Dieta , Proteínas na Dieta/metabolismo , Absorção Intestinal/efeitos dos fármacos , Plantas/química , Animais , Regulação da Expressão Gênica/efeitos dos fármacos , Proteínas de Vegetais Comestíveis , Fatores de Tempo , Peixe-Zebra/genética , Peixe-Zebra/crescimento & desenvolvimento , Peixe-Zebra/metabolismo
10.
Curr Diabetes Rev ; 16(6): 619-627, 2020.
Artigo em Inglês | MEDLINE | ID: mdl-32552634

RESUMO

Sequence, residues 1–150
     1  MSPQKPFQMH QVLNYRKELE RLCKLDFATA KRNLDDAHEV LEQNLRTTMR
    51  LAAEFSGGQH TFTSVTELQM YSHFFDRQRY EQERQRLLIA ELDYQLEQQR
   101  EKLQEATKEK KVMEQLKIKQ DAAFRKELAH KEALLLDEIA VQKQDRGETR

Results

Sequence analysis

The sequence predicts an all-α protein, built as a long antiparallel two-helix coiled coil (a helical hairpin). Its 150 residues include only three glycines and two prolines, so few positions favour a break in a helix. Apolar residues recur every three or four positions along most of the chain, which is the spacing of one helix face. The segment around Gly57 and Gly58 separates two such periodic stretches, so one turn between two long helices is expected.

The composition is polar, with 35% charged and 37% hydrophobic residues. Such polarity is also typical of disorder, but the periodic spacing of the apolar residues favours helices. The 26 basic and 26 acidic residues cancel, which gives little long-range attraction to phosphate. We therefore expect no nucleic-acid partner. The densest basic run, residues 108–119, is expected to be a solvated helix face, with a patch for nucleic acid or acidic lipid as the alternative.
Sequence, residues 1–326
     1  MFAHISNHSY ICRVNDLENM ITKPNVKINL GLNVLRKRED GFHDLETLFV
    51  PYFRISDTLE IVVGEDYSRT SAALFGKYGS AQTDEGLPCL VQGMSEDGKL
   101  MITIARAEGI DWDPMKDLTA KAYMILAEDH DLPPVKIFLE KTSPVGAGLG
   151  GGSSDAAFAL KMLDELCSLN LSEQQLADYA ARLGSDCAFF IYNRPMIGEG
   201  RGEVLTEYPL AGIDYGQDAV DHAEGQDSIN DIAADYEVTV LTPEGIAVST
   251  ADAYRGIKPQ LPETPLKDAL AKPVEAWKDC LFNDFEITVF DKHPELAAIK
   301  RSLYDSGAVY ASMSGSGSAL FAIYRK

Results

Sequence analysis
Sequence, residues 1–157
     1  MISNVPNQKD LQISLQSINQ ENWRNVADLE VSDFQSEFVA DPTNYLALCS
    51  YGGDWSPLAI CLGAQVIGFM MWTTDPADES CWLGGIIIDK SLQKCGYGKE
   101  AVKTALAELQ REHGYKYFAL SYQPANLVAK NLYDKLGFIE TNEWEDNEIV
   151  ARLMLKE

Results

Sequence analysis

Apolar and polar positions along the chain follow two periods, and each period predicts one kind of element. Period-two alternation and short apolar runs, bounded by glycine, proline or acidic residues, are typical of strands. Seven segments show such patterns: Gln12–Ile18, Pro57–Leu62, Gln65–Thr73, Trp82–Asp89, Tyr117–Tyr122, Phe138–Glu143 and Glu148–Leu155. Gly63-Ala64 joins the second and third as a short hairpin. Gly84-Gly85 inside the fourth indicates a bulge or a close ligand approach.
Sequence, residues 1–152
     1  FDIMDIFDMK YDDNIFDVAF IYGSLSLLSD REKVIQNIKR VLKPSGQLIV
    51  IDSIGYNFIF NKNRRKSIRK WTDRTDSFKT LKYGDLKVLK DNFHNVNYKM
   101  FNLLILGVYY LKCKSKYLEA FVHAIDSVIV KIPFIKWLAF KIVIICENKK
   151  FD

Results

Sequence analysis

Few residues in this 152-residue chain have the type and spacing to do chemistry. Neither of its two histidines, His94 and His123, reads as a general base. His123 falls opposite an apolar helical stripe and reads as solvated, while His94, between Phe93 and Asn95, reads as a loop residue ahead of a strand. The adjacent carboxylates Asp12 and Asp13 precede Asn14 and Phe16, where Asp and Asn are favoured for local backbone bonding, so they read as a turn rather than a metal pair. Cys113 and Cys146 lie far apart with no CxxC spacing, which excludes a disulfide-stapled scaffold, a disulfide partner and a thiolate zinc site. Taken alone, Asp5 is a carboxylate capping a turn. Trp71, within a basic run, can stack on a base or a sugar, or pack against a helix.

BACKGROUND: There is no data available on the best insulin treatment to counteract the effects of glucose excursions due to a moderate alcohol intake associated with portions of slight fat and protein-containing food, as often the case during social happenings or "happy hours". INTRODUCTION: This study analyzes the glycemic control and quality of life in 8 adult type 1 diabetic (T1D) patients on insulin-pump therapy which were invited to consume a traditional Italian aperitif ("Spritz" and chips). METHODS: Patients consumed Spritz aperitif twice: using their habitual bolus, based on carbohydrates (CHO) counting (V1), or with a personalized, advanced bolus (V2) calculated from insulin/Kcal derived from Fats and Proteins (FPU). Post-prandial glucose was continuously monitored; glucose incremental areas (iAUC), glucose peak and time to peak, and estimated change from V1 to V2 from repeated- measures models were computed. Each patient fulfilled validated questionnaires on quality of life, knowledge about diabetes and CHO counting. RESULTS: After the educational program, a reduced iAUC (0-80 min: -306, p=ns; 40-80 min: -400, p=0.07) due to greater (p=0.03) and prolonged double-wave insulin boluses was observed. Blood glucose peak and time to peak were also reduced. Moreover, improvements in the psycho-affective dimension, as well as in the alimentary knowledge were detected. CONCLUSION: Therefore, a personalized educational program on CHO + FPU counting together with insulin bolus management can improve glycemic control during social consumption of alcohol, with positive reflections on the psycho-affective dimension. Further studies are mandatory to confirm such preliminary results.